Welcome to the latest in an ongoing series where I try and review albums by my friends without either pissing them off or sounding like I’m slathering them with praise, because we have on more than one or two occasions been spotted in the same pub together.
The Last Battle remind me, if not in sound, at least somewhat in politics of some other friends of mine, Broken Records. Both bands seemed to suffer something of a backlash before they’d really had much of a, er.. well, much of a frontlash. I’ve heard a surprising number of people spit feathers about these guys, given that they’ve hardly gone stamping about the place talking themselves up as far as I have noticed. They were greeted with rather hyperbolic levels of enthusiasm on their appearance a year or so ago, with a lot of people seemingly too hasty to find the Next Amazing Band from Edinburgh ZOMG! etc etc, and I can see how that might draw reactions, but it is hardly the fault of the band themselves.
Anyhow, in amongst all that hysteria proclaiming them to be alternately the best and worst band in the city depending on what day of the week it was, they simply got on with signing to my pal Ed’s label, 17 Seconds, and recording a debut album. Thinking for yourself can be tricky when there’s a lot of shouting going on, so with all the shrill reactions I’ve actually found it quite hard to gauge my own relationship with this record.
Edinburgh is more than well stocked with bands who tend to draw the term folk into descriptions of their music at the moment, but when you look at the likes of Withered Hand, Broken Records, eagleowl and Meursault, the Last Battle are probably closer to traditional folk than any of them. In fact, they remind less of their immediate peers and more of the folk-influenced stuff I was listening to when I first moved to Scotland in about 1994 or so.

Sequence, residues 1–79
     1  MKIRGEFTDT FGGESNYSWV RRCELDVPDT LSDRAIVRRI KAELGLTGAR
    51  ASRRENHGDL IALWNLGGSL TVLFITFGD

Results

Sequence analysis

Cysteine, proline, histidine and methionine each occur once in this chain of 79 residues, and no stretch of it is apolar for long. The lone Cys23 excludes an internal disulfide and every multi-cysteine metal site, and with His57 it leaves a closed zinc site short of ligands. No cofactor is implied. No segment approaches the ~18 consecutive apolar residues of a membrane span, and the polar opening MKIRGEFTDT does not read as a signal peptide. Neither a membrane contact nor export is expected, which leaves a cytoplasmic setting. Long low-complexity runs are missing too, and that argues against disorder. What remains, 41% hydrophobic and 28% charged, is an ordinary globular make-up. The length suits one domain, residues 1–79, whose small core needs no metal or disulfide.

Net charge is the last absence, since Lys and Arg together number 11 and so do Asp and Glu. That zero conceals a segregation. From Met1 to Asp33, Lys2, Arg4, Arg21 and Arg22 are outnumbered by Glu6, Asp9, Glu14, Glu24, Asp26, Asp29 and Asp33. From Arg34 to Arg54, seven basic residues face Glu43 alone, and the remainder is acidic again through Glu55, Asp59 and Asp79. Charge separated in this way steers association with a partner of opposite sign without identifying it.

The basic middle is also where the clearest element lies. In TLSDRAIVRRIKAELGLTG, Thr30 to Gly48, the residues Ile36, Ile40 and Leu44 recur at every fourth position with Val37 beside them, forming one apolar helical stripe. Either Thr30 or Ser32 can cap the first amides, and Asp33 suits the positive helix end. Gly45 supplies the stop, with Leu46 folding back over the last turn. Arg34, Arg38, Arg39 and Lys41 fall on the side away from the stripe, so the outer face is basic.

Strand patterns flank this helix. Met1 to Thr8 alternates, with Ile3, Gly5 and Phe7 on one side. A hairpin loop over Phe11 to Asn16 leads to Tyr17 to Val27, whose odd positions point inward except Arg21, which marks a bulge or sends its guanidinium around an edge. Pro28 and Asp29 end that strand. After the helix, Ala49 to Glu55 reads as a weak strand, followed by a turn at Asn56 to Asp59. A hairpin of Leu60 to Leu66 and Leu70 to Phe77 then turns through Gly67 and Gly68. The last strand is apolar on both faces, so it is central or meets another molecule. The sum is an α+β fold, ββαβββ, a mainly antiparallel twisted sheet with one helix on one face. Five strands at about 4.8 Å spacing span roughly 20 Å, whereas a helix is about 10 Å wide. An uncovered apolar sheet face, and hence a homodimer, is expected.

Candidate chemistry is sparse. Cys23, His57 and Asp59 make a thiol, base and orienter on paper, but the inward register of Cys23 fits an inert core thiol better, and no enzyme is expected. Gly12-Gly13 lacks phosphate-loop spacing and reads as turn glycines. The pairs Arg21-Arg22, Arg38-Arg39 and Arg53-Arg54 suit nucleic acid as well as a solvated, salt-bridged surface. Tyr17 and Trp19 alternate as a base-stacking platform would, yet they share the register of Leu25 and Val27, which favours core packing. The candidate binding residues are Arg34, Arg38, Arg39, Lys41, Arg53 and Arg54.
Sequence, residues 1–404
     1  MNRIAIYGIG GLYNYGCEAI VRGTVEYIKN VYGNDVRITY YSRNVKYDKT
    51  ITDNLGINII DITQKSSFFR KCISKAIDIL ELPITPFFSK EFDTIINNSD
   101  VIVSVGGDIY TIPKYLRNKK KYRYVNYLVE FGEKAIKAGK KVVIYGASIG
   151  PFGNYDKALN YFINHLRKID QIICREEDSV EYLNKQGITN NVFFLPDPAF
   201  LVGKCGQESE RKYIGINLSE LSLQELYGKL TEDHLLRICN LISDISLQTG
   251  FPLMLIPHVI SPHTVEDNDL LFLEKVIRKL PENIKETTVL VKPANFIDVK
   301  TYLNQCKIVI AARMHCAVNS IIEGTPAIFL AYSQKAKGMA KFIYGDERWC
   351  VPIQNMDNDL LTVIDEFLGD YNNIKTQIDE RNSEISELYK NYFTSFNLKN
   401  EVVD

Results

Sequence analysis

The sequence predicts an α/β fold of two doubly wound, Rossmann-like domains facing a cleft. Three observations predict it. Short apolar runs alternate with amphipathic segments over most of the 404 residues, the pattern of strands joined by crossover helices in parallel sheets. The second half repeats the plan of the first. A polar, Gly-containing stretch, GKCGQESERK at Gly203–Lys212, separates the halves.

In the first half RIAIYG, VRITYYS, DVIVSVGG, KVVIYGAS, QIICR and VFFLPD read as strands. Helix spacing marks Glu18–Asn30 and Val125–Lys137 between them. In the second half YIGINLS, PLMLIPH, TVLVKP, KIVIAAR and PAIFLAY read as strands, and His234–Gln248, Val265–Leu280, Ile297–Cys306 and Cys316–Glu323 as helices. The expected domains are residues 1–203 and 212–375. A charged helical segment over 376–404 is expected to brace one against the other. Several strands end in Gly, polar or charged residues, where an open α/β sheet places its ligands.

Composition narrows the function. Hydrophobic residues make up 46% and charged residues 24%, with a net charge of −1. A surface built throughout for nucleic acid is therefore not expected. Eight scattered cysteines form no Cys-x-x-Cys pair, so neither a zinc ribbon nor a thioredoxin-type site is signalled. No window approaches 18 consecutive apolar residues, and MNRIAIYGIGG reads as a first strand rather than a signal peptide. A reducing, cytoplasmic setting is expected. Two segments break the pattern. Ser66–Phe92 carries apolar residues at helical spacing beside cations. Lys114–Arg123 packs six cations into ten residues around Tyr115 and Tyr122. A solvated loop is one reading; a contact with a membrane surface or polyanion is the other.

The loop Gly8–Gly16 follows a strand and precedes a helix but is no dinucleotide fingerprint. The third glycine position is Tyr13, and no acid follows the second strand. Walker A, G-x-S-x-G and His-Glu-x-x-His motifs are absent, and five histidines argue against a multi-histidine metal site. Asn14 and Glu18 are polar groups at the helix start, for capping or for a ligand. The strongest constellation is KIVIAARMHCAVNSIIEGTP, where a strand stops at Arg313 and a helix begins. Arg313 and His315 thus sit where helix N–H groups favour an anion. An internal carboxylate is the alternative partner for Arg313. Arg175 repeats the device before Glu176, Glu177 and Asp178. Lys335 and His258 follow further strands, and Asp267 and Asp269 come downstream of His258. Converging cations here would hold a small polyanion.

Having not heard the full album before their launch night a couple of weeks ago I think I cemented my relationship with it when I found myself thinking ‘ooh good, this one’ within seconds of pretty much every song they played. Most bands can come up with a ‘sound’ if they’re pushed, but given the stuff that lands in my inbox I am constantly disappointed with how few can actually write songs which exist as good songs, independent of whatever signature sound the band may have developed. This elusive skill it appears the Last Battle most certainly have, giving each song its own distinct character,.
Possibly my favourite Last Battle song is absent from this though – the excellent Ward 119. That song bursts with such genuine tenderness I find myself wishing this was perhaps a more personal affair than the concept album it is, because for all even concept-based stories have to some extent be based on personal experiences somewhere I have, I think, always preferred more forcefully emotional songs like that one – they make a much stronger connection, for me.
Nevertheless, this is a really nicely uncomplicated album, and a consistent foot-tapper. Scott has a very normal-blokey voice, and it’s complemented really well by Arwen’s rather more gorgeous tones. The songs are held together by the consistent strum of the guitar or mandolin, like the constant rhythm of the yellow lines on an overnight drive, and given real pathos by the cello. As I said, it’s all done quite simply, but really well nevertheless.
Photo Credit: The Last Battle